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Posted: July 30, 2009
Improved incorporation of copper nanoparticles into carbon layers
(Nanowerk News) New researches disclosed a new way to produce copper nanoparticles into the carbon layers which have wide applications in the production of CO gas and biosensors. Researchers at Sharif University of Technology, in conjunction with colleagues from Institute for Research in Fundamental Sciences, managed to find a way to produce copper nanoparticles into the carbon layers in such a way to overcome the limitations of current methods ("Study of surface plasmon resonance of Cu@Cu2O core–shell nanoparticles by Mie theory").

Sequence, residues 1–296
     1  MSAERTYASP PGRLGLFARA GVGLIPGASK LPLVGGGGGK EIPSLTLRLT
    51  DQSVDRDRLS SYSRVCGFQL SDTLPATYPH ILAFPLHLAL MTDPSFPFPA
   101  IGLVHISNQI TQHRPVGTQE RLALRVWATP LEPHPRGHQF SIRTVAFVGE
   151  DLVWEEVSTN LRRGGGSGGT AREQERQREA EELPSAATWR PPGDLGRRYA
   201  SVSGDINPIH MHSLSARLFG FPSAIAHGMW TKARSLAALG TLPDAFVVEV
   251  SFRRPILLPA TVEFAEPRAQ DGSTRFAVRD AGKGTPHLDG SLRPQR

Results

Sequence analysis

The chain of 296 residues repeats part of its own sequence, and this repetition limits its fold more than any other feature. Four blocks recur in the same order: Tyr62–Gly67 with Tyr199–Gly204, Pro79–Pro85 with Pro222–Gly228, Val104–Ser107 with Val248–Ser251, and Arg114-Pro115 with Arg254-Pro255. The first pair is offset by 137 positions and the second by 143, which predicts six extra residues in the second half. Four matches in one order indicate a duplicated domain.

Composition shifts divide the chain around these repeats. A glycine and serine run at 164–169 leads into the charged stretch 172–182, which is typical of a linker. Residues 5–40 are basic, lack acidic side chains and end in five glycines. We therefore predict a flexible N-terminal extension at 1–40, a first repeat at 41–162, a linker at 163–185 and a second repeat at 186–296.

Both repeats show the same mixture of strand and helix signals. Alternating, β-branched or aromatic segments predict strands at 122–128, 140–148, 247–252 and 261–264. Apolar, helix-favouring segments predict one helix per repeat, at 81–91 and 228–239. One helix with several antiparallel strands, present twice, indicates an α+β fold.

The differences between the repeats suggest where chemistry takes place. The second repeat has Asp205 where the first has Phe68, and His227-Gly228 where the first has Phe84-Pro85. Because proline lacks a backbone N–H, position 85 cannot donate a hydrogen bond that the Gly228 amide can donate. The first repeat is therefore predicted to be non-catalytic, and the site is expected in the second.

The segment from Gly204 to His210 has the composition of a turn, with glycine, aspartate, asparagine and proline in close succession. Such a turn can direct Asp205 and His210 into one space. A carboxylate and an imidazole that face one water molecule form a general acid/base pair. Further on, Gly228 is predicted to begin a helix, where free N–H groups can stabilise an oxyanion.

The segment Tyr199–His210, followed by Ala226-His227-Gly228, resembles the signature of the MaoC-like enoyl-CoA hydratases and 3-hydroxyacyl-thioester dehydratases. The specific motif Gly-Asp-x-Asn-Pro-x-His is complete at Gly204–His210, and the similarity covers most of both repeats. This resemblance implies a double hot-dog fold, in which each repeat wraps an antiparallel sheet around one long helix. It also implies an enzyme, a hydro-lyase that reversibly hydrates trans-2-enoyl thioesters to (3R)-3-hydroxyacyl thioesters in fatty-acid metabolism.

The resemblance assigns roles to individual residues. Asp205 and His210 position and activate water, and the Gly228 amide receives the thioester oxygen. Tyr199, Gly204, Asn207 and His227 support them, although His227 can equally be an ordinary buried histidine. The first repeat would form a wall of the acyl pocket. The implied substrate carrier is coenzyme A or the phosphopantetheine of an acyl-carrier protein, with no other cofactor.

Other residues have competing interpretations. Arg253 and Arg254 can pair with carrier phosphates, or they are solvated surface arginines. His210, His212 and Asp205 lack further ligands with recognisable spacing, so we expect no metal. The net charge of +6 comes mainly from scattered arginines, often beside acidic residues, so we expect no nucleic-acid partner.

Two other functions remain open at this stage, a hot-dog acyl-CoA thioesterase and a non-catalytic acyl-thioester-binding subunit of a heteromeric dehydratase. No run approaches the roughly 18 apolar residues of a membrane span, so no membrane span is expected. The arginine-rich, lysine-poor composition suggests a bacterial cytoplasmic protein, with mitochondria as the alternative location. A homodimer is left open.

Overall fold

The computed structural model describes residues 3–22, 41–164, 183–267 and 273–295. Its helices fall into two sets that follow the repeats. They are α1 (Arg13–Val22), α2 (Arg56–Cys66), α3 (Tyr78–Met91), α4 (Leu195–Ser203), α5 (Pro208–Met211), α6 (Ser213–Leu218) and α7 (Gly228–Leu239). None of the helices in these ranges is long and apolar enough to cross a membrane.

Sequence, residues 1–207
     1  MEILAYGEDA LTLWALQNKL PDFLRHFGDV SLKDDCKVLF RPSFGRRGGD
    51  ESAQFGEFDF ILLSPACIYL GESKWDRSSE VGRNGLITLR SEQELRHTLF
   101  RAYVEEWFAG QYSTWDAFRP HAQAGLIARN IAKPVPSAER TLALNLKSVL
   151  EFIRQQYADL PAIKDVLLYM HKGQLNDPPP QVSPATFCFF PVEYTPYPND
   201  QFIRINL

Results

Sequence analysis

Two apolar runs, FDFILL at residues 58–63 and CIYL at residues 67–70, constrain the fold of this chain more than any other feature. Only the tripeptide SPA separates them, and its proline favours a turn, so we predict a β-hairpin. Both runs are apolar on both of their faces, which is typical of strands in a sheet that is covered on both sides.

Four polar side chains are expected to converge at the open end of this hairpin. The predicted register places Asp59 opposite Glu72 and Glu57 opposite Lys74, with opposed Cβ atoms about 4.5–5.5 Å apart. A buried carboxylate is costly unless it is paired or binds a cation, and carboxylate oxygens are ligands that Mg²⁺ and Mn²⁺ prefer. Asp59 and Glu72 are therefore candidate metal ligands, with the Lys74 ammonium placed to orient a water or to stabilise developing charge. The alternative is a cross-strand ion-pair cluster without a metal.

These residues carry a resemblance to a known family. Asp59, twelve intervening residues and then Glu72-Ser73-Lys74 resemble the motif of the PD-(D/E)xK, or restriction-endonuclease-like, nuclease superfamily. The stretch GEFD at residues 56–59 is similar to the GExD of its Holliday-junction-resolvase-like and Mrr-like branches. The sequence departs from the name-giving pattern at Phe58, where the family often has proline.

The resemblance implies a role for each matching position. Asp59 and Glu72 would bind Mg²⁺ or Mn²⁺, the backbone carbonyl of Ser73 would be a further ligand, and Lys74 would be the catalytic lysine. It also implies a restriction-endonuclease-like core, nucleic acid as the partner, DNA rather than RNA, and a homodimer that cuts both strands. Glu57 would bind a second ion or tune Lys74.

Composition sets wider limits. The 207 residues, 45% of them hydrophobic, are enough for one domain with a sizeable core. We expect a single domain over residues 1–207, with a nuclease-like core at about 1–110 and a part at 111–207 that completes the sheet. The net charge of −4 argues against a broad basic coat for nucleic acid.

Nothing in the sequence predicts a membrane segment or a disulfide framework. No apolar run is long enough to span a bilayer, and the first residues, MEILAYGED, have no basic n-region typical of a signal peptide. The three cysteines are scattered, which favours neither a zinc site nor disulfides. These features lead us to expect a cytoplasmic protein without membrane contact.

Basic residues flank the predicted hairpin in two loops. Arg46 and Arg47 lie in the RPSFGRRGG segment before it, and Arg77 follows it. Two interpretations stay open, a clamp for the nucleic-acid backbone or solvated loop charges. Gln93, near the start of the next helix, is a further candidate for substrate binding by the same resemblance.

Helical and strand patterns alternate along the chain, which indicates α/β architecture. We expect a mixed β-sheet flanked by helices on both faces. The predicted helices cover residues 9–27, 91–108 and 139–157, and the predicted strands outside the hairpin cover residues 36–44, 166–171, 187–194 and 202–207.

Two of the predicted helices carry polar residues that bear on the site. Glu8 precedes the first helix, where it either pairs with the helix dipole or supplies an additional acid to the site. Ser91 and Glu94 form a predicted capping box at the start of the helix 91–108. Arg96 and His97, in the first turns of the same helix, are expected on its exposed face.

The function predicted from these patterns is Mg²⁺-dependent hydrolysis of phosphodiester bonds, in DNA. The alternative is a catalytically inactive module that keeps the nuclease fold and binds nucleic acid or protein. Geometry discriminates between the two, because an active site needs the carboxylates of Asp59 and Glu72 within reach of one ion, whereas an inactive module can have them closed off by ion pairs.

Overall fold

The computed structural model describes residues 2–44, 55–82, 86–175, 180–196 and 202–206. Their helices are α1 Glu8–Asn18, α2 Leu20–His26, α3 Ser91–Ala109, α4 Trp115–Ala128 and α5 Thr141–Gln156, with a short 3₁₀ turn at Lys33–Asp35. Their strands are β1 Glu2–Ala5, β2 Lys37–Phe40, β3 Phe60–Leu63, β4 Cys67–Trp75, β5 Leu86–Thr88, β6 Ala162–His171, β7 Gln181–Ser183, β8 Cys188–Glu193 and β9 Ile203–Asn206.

“Wet chemistry methods face some problems dealing with the construction of an organized array of metallic nanoparticles on the sublayer as well as keeping the sublayer clean. These drawbacks limit the application of the mentioned methods in the production of optical and electronic parts," said Tayyebe Ghodselahi, one of the researchers.
Ghodselahi added, "Today, considering their quick response and high resolution, sensors made based on the surface plasmon resonance of metallic nanoparticles have drawn the attraction of many researchers."
The special conditions of this layer deposition method including not using wet chemistry, layer deposition at room temperature, and the high controllability of copper concentration are the requirements of using these layers in the production of optical and electronic parts especially sensors. She elaborated on the applications of the copper nanoparticles used in thin carbon layers in the production of electrodes capable of carbon hydrates detection, CO gas sensors, and biosensors.